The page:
Last Updated on May 27, 2021 by Stone
The Ethiopian Wolf (Canus simenis) is only found in the highlands of Ethiopia. It is one of the world’s rarest Canids. It’s a close relative to the grey wolves and coyotes that colonized the Horn of Africa through land bridges. Continue reading for more Ethiopian Wolf Facts and what challenges they face.
This little wolf is about 3 to 3.3 feet long, 21-24 inches tall, and weighs 25-31 lbs. The appearance of the Ethiopian Wolf is reminiscent of a big fox with its narrow muzzle, small teeth, reddish coat, and bushy tail⸺in fact, another name for this wolf is the Simien Fox. Despite the resemblance, this canid is considered to be of the genus Canis and a relative of the Grey Wolf.
The packs are close-knit with up to 18 individuals. Unlike some other breeds of wolves, the males rarely leave their birth pack but females will sometimes leave in order to mate with members of another pack. The dominant female breeds once a year with the dominant male from the pack or sometimes a male from a neighboring pack. This behavior prevents interbreeding. Pregnancy lasts only 2 months and a litter ranges in 2-7 pups.
Packs typically include extended family members male and female. All pack members help with raising and protecting pups. Wolf mothers give birth in dens dug under boulders, inside crevices, or in other protected spots. These dens can have multiple entrances and a network of tunnels, and the adults regularly shift pups from one den to another.
Ethiopian Wolf Diet Facts
The Ethiopian Wolf is a meat-eater. It is usually a loner when hunting but not always. It preys on rodents like the common grass rat, small hares, and the Giant Mole Rat. They also eat eggs, goslings, and young hoofed animals and they will occasionally scavenge on carcasses. Ethiopian Wolves catch their prey in shallow holes where their small muzzles prove advantageous
Interestingly they can sometimes be found foraging in the middle of a herd of Gelada Monkeys (Bleeding Heart Monkeys). Surprisingly they don’t prey on young Gelada Monkey’s and the Gelada’s don’t flee from these wolves as they do from feral dogs. Researchers have also noted that wolves catch twice as many rodents when hunting in a Gelada group⸺so maybe they have learned it is beneficial not to scare them away.
The biggest threats are due to human activity directly or indirectly: agriculture activity, livestock overgrazing, exposure to lethal diseases found in domesticated dogs like canine distemper, hunting, and interbreeding with dogs. New roads built across the land where the wolves are found have increased access to these animals by hunters as well as increased the chance of them being killed by automobiles.
Rabies is also a major problem for these wolves. Unlike in North America where most dogs are vaccinated and are not feral, these wolves exist in the highlands of Ethiopia essentially like islands in a sea of dogs.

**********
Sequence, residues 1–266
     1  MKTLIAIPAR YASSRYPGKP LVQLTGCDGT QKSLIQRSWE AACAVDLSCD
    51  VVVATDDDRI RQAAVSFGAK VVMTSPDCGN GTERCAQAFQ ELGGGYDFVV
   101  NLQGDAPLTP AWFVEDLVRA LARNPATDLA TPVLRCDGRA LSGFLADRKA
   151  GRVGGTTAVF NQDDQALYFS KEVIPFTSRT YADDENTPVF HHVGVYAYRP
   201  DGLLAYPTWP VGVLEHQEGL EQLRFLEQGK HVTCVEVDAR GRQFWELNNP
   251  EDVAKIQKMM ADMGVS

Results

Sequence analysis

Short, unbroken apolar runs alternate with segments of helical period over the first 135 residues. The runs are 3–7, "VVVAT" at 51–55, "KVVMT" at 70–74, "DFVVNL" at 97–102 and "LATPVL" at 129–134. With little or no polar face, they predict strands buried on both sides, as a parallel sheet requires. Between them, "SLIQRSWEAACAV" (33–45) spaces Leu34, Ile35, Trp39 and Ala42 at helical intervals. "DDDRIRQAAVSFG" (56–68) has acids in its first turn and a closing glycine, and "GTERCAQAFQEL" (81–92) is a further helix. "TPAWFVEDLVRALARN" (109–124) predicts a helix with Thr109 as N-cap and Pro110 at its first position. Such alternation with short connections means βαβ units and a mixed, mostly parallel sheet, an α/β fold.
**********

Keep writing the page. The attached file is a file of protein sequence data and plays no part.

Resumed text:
Dogs often carry rabies which is easily passed on to the nearby wolves. In addition, the tendency of the wolves to sometimes mate outside their normal pack also serves to spread the virus. There have been vaccination efforts for both the dogs and wolves by conservation groups in the region but the threat still remains.
What can you do
The Ethiopian Wolf is the only type native to Africa and it is estimated there are only 300-400 left. The African Wildlife Foundation (AWF) could use your donations. AWF supports the Ethiopian Wolf Conservation Programme, which administers rabies and distemper vaccines to wolves and also to the area’s domestic dogs, who can carry rabies and pose a significant disease threat if not vaccinated. To date, the program has vaccinated tens of thousands of dogs.
Final Thoughts on the Ethiopian Wolf
The Ethiopian Wolf is one of the 3 major species of wolf (the other 2 are the Grey Wolf and Red Wolf). It is the only wolf native to Africa and is only found in the mountains of Ethiopia. Like its counterparts, it too has been a victim of human activity. If it continues on its current track, it very likely this animal will become extinct. On top of all of the challenges faced by this wolf, internal conflict has recently become a problem. Ethiopia itself is now essentially in a war with the people in its own Tigray region. This is not far from the Simien Mountains (it’s much further to the Bale Mountains); it does deprioritize any efforts the government might put toward conservation.
Even more concerning are the accusations that Ethiopian and Eritrean allied forces who are working together have raped 100s of women in the region in an effort of suppression. If the Ethiopian Government is condoning this atrocity on its own citizens, wolves stand little chance of compassion or hope for help. Amnesty International writes that the UN estimates 2.3 million people in the region are in immediate need of life-saving assistance. Government authorities have impeded access by humanitarian agencies. You can call on Ethiopia to immediately allow full humanitarian access to Tigray and perhaps bring some stability back to the region.